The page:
Are there some things to be said about treating animals better? Of course there are. But to think that removing animals and their by-products from our diet and form of living is going to accomplish that is ignorant of why those byproducts are there in the first place. As we depend on nature, so too does it now depend on us. We are part of that little cycle in life.
To stop buying animals or their by-products is the ULTIMATE death sentence for those creatures. They are only in such massive quantities because we have incorporated them into what we define as culture and society. You stop buying beef on a whole, this very instant, you stop buying milk, and suddenly those cows that we’re all trying to save become an artifact and a relic. It becomes an economic downfall for the farmer to keep ANY of them alive. Rabbits, Fish, anything you can think of, if we suddenly stop using them, than they will become a viable target to everything we’ve been protecting them from.
So yes, I find it hypocritical to think that as long as it doesn’t feel pain it’s cool to kill. I find it ignorant to believe that complete detachment and lack of involvement is the best solution. For every bit of testing we’ve done we’ve produced scientific accomplishments that have saved more than just ourselves, they have saved and helped thousands of animals.
There is a case for Veganism, but we are not at the scientific or cultural level to make it. So no, I understand Veganism just find, and I find it shallow. I find it to be lacking in a critical understanding of how nature itself operates, and the tenacity to believe that we because of our sapience are simply beyond violence. I find it without for thought to think that we are any more qualified as moderators to the way things work than a non-existent sky wizard or a grain of sand on a given beach.
First off, I respect your opinion and am glad you’re sharing it.
Yep, it’s a personal choice. I’m not sure why non-vegans tend to get so riled up about this, acting as if most vegans try to force their beliefs upon others. The OP’s situation is rare, we just tend to hear about this kind of stuff on Reddit very often because, let’s face it, the hivemind is fairly anti-vegan (this is simply true, it could even be justified, but please don’t deny this is true. Every story about veganism that hits the front page is negative).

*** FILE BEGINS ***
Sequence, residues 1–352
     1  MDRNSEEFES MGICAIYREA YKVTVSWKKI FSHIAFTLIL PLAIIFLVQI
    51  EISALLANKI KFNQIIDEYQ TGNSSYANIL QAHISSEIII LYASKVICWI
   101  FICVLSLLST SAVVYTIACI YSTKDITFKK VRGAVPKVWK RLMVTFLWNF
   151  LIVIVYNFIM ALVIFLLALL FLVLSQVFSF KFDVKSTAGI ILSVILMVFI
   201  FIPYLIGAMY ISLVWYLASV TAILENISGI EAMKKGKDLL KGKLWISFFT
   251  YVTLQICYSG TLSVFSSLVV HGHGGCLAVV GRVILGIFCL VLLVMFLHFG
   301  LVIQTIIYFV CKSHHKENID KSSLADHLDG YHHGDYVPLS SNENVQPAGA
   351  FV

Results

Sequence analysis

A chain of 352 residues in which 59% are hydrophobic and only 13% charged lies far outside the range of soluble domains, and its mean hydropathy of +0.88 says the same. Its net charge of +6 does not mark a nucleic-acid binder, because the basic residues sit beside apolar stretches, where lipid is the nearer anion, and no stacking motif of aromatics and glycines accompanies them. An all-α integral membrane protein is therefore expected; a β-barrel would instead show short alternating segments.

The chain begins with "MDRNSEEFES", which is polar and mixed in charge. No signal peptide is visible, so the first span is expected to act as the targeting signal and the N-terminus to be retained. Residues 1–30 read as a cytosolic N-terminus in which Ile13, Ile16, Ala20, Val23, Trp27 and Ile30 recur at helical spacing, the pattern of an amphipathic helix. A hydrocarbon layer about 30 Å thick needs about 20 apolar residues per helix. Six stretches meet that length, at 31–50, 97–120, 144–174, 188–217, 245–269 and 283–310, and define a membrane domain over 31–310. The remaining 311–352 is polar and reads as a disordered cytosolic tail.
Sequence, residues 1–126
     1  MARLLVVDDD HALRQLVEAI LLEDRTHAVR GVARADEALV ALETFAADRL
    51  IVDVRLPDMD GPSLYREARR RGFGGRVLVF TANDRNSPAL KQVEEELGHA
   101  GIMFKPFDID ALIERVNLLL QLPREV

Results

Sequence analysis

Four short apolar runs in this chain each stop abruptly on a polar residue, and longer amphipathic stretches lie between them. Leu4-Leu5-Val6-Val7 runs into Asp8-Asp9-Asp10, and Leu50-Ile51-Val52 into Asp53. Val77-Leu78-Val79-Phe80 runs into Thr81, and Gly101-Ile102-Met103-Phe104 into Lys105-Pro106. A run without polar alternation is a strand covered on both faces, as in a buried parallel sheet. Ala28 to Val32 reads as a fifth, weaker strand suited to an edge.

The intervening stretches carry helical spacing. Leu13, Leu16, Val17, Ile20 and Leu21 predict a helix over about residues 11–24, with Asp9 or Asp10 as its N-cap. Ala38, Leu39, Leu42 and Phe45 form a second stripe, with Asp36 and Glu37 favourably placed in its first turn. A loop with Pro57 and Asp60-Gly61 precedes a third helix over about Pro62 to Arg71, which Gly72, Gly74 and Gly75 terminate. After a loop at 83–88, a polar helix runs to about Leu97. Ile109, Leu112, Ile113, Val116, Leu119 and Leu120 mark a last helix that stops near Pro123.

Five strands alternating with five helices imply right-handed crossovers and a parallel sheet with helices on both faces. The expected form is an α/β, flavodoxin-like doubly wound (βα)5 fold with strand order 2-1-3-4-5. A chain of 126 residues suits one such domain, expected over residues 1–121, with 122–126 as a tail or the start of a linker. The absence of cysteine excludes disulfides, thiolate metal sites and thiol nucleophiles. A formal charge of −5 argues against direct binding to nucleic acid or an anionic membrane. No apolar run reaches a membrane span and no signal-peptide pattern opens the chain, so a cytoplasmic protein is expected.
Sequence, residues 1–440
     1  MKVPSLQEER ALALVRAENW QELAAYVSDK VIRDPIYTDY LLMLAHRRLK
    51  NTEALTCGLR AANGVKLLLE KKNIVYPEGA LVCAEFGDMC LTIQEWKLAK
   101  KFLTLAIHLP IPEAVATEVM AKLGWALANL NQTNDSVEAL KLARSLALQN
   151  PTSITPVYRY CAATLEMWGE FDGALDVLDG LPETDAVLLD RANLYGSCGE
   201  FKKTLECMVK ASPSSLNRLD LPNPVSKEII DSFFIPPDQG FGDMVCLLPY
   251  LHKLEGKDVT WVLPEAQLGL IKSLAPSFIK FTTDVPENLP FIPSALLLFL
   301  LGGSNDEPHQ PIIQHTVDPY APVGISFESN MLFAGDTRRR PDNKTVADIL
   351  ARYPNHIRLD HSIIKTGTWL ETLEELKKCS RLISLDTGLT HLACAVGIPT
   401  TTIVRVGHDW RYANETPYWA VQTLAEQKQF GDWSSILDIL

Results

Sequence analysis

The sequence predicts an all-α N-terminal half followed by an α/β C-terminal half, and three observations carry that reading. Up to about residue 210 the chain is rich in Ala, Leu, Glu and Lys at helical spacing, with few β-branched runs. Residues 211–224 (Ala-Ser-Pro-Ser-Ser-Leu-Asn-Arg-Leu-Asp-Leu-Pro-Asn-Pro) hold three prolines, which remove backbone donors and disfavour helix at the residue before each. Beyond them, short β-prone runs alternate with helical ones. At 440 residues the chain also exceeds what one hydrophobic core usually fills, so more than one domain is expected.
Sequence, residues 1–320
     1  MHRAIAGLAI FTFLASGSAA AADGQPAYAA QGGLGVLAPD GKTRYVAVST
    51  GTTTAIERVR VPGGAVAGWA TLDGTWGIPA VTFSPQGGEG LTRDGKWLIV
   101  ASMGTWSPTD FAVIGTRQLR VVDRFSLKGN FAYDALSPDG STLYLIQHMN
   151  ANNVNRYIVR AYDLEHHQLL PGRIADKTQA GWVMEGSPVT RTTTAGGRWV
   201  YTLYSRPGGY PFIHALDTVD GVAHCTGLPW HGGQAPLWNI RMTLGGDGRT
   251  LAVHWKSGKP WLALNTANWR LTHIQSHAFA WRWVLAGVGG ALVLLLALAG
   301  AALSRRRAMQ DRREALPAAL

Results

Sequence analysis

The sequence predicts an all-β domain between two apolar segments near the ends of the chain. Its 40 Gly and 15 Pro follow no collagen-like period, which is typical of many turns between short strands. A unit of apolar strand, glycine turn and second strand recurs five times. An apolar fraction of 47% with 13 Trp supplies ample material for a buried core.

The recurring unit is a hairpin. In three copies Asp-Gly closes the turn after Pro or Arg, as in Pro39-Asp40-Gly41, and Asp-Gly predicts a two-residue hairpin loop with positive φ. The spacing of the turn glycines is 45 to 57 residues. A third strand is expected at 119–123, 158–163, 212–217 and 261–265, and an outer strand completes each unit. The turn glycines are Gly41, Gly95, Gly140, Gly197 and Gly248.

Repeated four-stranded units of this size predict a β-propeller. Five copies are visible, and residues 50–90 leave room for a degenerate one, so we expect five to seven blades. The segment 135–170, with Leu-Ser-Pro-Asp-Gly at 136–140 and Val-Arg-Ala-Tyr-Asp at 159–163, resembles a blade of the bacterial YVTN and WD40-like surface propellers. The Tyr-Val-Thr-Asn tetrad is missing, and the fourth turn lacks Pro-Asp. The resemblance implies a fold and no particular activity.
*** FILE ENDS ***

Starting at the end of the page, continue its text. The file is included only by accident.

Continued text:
From Wikipedia page on Factory Farming:
Factory farms hold large numbers of animals, typically cows, pigs, turkeys, or chickens, often indoors, typically at high densities. The aim of the operation is to produce as much meat, eggs, or milk at the lowest possible cost. Food is supplied in place, and a wide variety of artificial methods are employed to maintain animal health and improve production, such as the use of antimicrobial agents, vitamin supplements, and growth hormones. Physical restraints are used to control movement or actions regarded as undesirable.
Again, I welcome open discourse on this, and believe it is a personal dietary choice, but I will have to disagree that there is anything justifiable about factory farming. It is unhealthy for both the animal and for us, and comprises 99% (actual statistic) of all farms in the U.S.
TL;DR: Basically, my point is that when you say “There is a case for Veganism, but we are not at the scientific or cultural level to make it,” I would argue that rather, we are not at the scientific or cultural level to make the choice to use factory farms.
I don’t think that most people are riled up by it so much as the idea that everyone has an opinion on the matter [much like politics]. But unlike politics Vegans [and as an Atheist, I do understand the kind of “Hey what’d I do”] are easy pickings in a conversation. The truth is people like to debate, but politics is off-limits [or taboo I should say], eating choice is something that we torment each other about all the time, assigning yourself to a specific branch of eating or lifestyle choice just emphasizes the opponents ideology into a possible talking point [that can be polarized].
As for the status of Vegan’s on reddit, /r/vegan seems to be doing ok for itself with a comfortable ~5k readers. In addition, calling atheism a circlejerk is pretty standard practice for post on reddit. But much like those post about atheism, those post on Veganism you will find the comments absolutely filled with people who point out the inaccuracies.